#1 Exercise for Rewriting Your Resume

resume Aug 25, 2020

By Catherine Byers Breet

At some point in the hiring process people will ask you for your resume. Will they like what they see?  Will they bring you in for an interview?

Many people get caught up in writing the ‘perfect’ resume. Sometimes so caught up they miss their opportunity because they don’t apply soon enough. There are 3 things you need to know about a resume:

  1. A resume is NOT going to get you a job. It only has to get you an interview.
  2. They are not going to read the whole thing. You need to grab attention in the first 5-7 seconds. Make sure the top 3rd has your contact info, summary of qualifications, area of expertise and key skills.
  3. Write your resume for your future boss, not your past boss.

So how do you craft a resume that accomplishes #2 and #3?

#1 Exercise for rewriting your resume: Identify the Gaps

The most important thing to do when creating a resume is to follow these steps to identify the gaps you may have for the positions you want.

1. Don’t start with where you have been - start with identifying what your next employer wants to see. Skills, experience, certification etc.

  • Look at 4 or 5 online job postings you are really interested in and highlight what you think is most important to them. Based on the job title, company and industry determine what looks like the most important from the entire list.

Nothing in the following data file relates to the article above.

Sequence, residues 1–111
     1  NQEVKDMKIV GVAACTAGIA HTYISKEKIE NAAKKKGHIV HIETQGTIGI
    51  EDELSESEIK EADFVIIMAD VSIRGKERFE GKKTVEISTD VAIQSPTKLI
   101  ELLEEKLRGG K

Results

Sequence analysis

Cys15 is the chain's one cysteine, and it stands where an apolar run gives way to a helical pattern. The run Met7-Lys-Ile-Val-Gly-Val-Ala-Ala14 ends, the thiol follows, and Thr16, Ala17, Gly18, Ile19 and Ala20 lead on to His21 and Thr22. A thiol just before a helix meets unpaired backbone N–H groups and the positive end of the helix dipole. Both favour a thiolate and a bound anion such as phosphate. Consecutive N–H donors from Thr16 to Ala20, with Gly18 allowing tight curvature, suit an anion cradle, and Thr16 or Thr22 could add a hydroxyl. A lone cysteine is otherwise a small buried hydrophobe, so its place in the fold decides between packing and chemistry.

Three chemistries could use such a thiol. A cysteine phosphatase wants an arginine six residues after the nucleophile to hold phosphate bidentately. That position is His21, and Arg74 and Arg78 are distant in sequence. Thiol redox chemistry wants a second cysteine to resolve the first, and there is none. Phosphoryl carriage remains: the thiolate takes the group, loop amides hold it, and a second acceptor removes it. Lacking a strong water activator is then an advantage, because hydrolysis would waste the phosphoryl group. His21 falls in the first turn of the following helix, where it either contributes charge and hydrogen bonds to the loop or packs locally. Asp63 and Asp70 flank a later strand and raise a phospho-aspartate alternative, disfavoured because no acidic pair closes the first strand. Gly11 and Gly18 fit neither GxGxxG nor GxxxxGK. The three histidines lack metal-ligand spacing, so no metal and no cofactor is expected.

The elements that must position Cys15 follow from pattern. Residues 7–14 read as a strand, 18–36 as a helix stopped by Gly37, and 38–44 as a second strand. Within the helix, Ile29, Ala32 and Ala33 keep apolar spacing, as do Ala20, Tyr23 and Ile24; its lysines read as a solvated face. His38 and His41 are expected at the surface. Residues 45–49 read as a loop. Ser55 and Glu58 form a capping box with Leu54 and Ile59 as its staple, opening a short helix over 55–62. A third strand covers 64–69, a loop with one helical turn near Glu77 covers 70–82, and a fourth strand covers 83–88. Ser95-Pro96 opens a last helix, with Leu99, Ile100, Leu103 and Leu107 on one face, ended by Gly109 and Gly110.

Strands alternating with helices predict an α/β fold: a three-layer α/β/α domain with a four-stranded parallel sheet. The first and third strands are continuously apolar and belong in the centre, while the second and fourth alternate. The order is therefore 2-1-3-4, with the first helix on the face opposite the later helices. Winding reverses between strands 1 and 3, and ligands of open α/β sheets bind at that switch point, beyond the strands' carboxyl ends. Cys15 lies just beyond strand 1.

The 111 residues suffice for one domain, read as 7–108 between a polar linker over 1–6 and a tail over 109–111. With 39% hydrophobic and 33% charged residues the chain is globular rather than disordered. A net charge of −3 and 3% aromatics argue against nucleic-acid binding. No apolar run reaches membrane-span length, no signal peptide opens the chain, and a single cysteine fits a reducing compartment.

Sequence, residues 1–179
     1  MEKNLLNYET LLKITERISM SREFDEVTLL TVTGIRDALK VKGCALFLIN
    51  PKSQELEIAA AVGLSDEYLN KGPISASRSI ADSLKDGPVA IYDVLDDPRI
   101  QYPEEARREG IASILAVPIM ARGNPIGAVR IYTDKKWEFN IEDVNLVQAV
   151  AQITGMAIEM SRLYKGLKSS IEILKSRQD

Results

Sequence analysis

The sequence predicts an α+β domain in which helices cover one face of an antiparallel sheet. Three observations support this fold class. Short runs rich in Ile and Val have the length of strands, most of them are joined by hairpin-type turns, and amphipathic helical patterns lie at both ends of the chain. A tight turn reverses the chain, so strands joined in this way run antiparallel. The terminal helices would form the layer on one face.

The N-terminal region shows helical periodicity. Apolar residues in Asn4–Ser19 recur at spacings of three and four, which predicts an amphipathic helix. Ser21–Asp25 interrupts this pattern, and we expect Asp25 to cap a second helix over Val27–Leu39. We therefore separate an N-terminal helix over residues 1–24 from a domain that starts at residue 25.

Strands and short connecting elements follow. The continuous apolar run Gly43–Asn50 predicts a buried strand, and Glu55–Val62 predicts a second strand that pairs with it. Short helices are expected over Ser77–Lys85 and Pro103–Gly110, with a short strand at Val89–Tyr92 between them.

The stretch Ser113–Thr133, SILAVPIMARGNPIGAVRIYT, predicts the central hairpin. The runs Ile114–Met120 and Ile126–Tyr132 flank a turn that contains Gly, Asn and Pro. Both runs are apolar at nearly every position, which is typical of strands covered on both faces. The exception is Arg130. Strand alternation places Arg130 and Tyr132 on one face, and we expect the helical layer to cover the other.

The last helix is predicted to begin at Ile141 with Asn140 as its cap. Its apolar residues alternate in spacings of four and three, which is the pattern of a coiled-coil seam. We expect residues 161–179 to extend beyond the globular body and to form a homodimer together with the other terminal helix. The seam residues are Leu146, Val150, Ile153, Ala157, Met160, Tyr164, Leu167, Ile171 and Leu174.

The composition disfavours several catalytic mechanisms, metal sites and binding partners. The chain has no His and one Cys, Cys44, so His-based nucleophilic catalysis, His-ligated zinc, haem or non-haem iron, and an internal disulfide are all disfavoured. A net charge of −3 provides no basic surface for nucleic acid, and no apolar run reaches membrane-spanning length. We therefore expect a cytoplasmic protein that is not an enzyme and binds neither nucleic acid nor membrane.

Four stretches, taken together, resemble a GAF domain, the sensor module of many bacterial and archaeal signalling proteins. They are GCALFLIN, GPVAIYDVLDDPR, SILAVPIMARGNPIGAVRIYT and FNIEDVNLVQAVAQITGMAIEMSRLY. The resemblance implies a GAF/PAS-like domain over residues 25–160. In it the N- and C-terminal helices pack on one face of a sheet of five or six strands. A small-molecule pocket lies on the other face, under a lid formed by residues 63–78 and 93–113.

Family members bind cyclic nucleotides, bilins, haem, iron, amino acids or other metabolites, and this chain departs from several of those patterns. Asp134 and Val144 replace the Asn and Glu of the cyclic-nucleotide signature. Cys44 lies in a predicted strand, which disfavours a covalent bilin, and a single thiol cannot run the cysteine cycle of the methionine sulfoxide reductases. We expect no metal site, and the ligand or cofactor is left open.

• Make a list of 10 -15 skills that they are asking for. Be specific.

  • Do your research by talking to people that are doing those jobs in that industry to verify your skill list. Make adjustments as necessary.

 2. Identify if you have those skills or not.

  • Finalize your list of desired skills and qualifications for the position you want. Are there any gaps that are you missing?
  • Dig into what the company needs to see. For example, are there iterations of a specific skill i.e. SAP There are many different modules of SAP. What modules are they looking for? Repeat this process with each skill listed.
  • Make sure you are talking about the skills in the right language if you are changing industries. Acronyms are different between different industries.
  • One you have identified the gaps, take action to close those gaps. 

3. Update your resume to reflect your work towards closing those gaps.

  • When your resume shows you working toward a goal the automated systems will see the keywords and a human will see you are working toward what they need. 

4. Check your resume against the job posting to see if you have utilized the correct keywords. 

  • A tool you can use to test your resume is It gives you an instant report on how well your resume matches the keywords. Remember, you can’t just fix your resume according to what Job Scan says. Your resume still needs to read well for a human being.

If you don’t ask, “What am I missing?” you will waste time looking for a job. They are asking that question on the hiring side of the desk.

Your resume is a tool to get you the interview. It is up to you to get through the interview questions to understand how your past fits their future.                                                                  

If you are interested in learning more about writing a resume or improving your job search check out the Job Hunt Toolkit.



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